SEOUL, Mar. 20 (Korea Bizwire) — A prolonged shortage of aspirin is expected to continue for the foreseeable future in South Korea, as Bayer Korea has confirmed it could be later this year at the earliest before the tablet drug hits the shelves again.
Plans to resume the sale of Bayer’s 500-milligram aspirin tablets this month have been scrapped due to manufacturing relocation and supply issues, dragging down the production process, according to industry sources.
“With the manufacturing plant having moved to Germany from Indonesia, preparation work for production such as arranging facilities is being prolonged. Supply could be back to normal sometime in the second half of this year at the earliest,” an official at Bayer Korea said.
Sales of the pain relief medication have been halted for over a year at South Korean pharmacies, ever since the pharmaceutical giant recalled the tablets in December 2016 after discovering the dissolution rate of its 500-milligram tablet failed to meet the standard set by the Korea Food and Drug Administration.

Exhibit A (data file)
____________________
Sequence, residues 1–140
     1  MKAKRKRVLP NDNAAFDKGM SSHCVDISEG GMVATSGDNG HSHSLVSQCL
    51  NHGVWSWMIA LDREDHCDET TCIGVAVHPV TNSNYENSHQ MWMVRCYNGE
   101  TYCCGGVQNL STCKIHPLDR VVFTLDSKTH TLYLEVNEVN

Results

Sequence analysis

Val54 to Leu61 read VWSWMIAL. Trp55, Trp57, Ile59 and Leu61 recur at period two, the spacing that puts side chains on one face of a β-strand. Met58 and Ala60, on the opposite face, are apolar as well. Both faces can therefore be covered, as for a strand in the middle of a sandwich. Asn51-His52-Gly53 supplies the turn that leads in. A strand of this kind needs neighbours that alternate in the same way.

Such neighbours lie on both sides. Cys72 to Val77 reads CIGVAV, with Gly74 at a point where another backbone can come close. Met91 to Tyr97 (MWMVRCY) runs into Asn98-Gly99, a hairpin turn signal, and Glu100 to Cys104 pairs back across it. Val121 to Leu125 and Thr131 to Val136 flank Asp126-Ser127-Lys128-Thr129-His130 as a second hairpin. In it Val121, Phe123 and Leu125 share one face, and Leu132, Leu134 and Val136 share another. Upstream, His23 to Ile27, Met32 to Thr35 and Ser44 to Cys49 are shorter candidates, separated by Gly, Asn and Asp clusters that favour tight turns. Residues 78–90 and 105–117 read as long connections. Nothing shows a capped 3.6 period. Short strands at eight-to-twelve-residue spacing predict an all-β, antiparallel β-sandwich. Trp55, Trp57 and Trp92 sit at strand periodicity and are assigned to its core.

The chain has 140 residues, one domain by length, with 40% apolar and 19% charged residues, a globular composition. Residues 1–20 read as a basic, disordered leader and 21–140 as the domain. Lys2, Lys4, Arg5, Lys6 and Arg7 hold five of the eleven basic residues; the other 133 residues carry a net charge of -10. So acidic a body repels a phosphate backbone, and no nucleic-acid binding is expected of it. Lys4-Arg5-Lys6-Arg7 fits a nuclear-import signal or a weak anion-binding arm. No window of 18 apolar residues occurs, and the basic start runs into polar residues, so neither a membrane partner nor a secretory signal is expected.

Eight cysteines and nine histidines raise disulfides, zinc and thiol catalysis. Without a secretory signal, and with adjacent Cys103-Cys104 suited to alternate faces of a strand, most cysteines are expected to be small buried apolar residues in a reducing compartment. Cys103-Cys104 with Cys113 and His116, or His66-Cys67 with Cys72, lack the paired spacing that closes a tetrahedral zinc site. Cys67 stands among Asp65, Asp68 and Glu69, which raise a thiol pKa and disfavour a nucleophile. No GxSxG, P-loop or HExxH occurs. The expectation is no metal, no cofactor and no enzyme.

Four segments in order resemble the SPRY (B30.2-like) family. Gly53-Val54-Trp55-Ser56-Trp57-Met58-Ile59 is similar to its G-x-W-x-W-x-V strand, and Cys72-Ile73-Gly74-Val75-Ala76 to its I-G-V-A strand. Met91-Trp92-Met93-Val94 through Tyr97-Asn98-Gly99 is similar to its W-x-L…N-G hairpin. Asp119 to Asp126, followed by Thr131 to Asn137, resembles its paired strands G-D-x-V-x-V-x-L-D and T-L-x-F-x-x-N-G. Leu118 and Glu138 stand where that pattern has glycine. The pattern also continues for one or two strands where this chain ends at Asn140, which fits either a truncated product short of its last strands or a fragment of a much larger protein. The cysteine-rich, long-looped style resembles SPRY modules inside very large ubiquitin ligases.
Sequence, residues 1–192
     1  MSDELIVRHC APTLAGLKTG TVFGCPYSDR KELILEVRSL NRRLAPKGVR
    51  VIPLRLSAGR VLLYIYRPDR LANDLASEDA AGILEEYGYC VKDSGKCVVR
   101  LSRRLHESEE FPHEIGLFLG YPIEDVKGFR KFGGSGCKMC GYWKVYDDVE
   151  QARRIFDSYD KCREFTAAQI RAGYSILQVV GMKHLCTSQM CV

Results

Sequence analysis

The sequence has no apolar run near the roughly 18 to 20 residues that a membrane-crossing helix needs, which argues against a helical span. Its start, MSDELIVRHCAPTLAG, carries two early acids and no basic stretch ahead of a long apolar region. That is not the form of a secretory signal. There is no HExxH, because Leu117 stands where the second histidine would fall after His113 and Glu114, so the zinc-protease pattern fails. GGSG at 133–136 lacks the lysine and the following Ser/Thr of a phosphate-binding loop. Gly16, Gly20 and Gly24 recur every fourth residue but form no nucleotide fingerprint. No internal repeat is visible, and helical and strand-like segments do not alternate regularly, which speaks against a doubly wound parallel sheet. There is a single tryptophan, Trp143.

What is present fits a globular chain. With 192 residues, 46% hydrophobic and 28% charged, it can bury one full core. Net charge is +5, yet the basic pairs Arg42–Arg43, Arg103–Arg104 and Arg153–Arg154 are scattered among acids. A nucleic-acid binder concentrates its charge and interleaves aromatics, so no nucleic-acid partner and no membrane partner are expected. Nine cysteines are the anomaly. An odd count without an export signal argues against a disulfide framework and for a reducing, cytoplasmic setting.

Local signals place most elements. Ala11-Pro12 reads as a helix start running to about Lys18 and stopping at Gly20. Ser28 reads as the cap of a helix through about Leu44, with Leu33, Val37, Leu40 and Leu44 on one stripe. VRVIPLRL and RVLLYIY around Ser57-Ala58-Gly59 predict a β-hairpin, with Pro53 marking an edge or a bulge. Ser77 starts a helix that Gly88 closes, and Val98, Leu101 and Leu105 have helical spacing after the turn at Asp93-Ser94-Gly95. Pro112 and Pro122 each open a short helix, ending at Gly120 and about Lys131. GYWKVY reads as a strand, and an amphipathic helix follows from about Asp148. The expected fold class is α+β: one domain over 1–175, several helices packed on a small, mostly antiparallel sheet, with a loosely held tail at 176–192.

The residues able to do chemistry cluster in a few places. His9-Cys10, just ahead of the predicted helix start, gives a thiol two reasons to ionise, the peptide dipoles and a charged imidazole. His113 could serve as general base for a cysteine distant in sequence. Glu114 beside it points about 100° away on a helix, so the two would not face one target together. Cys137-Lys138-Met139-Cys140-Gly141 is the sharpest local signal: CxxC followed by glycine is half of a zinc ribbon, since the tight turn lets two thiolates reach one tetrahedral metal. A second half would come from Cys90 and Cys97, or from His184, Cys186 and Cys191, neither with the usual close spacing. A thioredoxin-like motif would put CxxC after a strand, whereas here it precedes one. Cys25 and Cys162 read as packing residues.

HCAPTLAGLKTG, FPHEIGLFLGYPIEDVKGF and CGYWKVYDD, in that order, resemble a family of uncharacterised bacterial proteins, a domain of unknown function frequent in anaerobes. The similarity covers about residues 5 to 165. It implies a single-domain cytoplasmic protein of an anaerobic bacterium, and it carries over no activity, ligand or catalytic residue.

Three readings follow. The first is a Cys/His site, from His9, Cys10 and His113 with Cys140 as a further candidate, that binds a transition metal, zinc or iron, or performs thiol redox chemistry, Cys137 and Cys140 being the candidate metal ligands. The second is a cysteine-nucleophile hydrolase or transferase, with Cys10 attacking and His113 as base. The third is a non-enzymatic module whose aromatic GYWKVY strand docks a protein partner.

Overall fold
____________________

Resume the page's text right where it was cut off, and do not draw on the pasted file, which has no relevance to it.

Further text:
The dissolution rate of a drug refers to a rate at which active pharmaceutical ingredients dissolve after being taken orally.
With the medicine having been out of stock for months, a growing number of customers have kept in touch with the company to ask about supply resumption, particularly those who prefer aspirin over others, Bayer Korea said. This is despite the fact that there are a variety of anti-inflammatory drug and painkiller alternatives available in the market.
The company has also disregarded growing concerns over the supply of low-dose aspirin.
“The issue is only limited to the 500-milligram tablet, which is used for pain relief and anti-inflammatory effect, not the Aspirin Protect Tab (the 100-milligram tablet) for prevention of cardiovascular disorders, which is available,” the official said.
Both Bayer Aspirin 500 mg tablet and 100 mg tablet consist of the same ingredients and are only different in dose, with the latter being used to prevent cardiovascular disorders, typically among seniors.